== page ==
Merrill DataSite Releases New Comments: Cultural Due Diligence - an Essential for a Successful Merger

Share Article --Firms embarking on M&A deals cannot afford to focus purely on financial and legal factors during their due diligence processes.

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Cultural due diligence - an essential for a successful merger

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Firms embarking on M&A deals cannot afford to focus purely on financial and legal factors during their due diligence processes. Increasingly, cultural due diligence can help to improve the chances of a successful merger and, therefore, companies will benefit from focusing on the more human aspects of how a target operates when considering an M&A deal.

Traditionally, the due diligence process looks primarily at the financial position and health of a target company or a buyer and/or the legal aspects of the potential deal. However, a number of M&A experts claim that this focus means that mergers often fail a few years down the line as unforeseen cultural differences start to take their toll. These cultural differences can be operational or geographical, but will almost always lead to the break down of a merged business over time.

Mergers often fail to realize their potential synergies and failure rates remain around 70-90 per cent, according to studies carried out in recent years. An example is the 1998 merger between car manufacturers Daimler-Benz (DB) and Chrysler, which ended in failure just nine years later. Despite an earlier quote from DB chairman, Jurgen E. Schrempp. That it was a “merger of equals” the merged enterprise’s CEO, Dieter Zetsche later said, “We obviously overestimated the potential synergies”.

Ben de Haldevang of M&A consultancy Pcubed, explained in a recent blog that such problems are almost always a result of poor cultural due diligence and are not inevitable. He explained, “Not taking the time to perform cultural due diligence comes at a high risk that whatever you're trying to generate from a synergy or integration perspective will take longer and cost more.

“More critically, you may find one function simply refusing to work with the other.”

He suggests that any business embarking on M&A due diligence should look at two factors: internal integration and autonomy, in order to make the most of the due diligence process from a cultural perspective. For example, the way working relationships function in one business could be very different indeed to how relationships function in another. “You don’t communicate with HR. You communication with Megan in HR,” Mr de Haldevang added.

The due diligence process should involve each party examining the way individuals work together and evaluating whether the merged enterprise will be able to work the same way, or at least in an effective new way that will mean decisions still get made and synergies can be realized.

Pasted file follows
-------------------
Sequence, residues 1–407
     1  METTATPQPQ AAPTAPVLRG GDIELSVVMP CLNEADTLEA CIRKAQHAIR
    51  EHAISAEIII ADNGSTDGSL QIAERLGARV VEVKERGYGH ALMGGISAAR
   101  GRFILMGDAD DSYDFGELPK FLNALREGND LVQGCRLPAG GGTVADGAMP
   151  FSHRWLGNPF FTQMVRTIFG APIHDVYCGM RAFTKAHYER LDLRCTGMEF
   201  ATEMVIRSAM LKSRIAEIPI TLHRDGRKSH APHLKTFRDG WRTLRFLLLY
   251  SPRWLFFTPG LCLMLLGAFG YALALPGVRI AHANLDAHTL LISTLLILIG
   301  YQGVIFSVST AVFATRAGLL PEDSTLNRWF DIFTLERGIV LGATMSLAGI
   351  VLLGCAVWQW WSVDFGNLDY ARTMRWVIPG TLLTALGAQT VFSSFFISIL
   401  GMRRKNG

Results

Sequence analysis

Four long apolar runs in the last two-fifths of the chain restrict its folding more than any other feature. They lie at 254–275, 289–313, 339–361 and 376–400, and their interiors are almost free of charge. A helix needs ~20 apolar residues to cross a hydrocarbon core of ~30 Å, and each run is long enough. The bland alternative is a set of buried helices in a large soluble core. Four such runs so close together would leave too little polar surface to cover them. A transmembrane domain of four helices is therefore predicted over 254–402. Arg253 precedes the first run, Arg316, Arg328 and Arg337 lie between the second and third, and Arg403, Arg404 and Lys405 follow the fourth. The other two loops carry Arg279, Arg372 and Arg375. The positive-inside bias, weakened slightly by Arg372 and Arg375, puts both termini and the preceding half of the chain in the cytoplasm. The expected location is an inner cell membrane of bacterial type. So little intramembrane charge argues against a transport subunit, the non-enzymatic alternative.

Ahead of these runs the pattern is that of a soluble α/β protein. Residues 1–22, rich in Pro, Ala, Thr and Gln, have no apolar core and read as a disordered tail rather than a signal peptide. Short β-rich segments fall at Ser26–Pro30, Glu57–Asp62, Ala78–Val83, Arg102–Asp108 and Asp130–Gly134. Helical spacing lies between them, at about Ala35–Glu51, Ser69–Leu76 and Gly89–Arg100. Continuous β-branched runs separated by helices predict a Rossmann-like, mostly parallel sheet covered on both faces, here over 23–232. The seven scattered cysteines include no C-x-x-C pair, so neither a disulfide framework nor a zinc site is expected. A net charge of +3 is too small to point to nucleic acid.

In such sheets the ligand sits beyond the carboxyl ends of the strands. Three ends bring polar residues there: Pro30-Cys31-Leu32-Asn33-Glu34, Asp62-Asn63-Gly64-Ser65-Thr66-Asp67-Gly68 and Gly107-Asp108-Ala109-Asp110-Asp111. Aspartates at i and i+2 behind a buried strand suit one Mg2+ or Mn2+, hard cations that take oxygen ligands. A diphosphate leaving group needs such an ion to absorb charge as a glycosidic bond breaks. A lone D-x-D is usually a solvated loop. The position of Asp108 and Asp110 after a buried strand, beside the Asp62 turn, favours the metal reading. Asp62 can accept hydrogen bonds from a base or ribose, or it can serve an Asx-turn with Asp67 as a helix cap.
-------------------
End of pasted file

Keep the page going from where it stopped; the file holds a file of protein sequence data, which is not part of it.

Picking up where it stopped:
De Haldevang gives the example of a firm where staff communicate face to face or on the telephone all the time, merging with a business where staff rely solely on email communications. In order for the merger to be a success, a new communication system needs to be established that is agreeable and effective for all staff.
In addition, staff members will, understandably, feel threatened when a merger takes place, particularly if they feel the office culture is not being respected by the buyer, or that their role within this culture is not being understood. This kind of sentiment can be extremely damaging to a deal as it results in poor performance and low morale among employees.

In conclusion, dealmakers merging enterprise, whether within the US or overseas, will benefit from carrying out cultural due diligence. This will give dealmakers a clear view of what needs to be done to ensure they get the very best results from a deal.

About Merrill DataSite
Merrill DataSite is a secure virtual data room (VDR) solution that optimizes the due diligence process by providing a highly efficient and secure method for sharing key business information between multiple parties. Merrill DataSite provides unlimited access for users worldwide, as well as real-time activity reports, site-wide search at the document level, enhanced communications through the Q&A feature and superior project management service - all of which help reduce transaction time and expense. Merrill DataSite’s multilingual support staff is available from anywhere in the world, 24/7, and can have your VDR up and running with thousands of pages loaded within 24 hours or less.

With its deep roots in transaction and compliance services, Merrill Corporation has a cultural, organization-wide discipline in the management and processing of confidential content. Merrill DataSite is the first VDR provider to understand customer and industry needs by earning an ISO/IEC 27001:2005 certificate of registration – the highest standard for information security – and is currently the world’s only VDR certified for operations in the United States, Europe and Asia.

As the leading provider of VDR solutions, Merrill DataSite has empowered nearly 2 million unique visitors to perform electronic due diligence on thousands of transaction totaling trillions of dollars in asset value. Merrill DataSite VDR solution has become an essential tool in an efficient and legally defensible process for completing multiple types of financial transactions.

For more information, please contact Merrill DataSite: Tel: 1-866-399-3770;
Email: info(at)datasite(dot)com; Web:

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Catherine Malone
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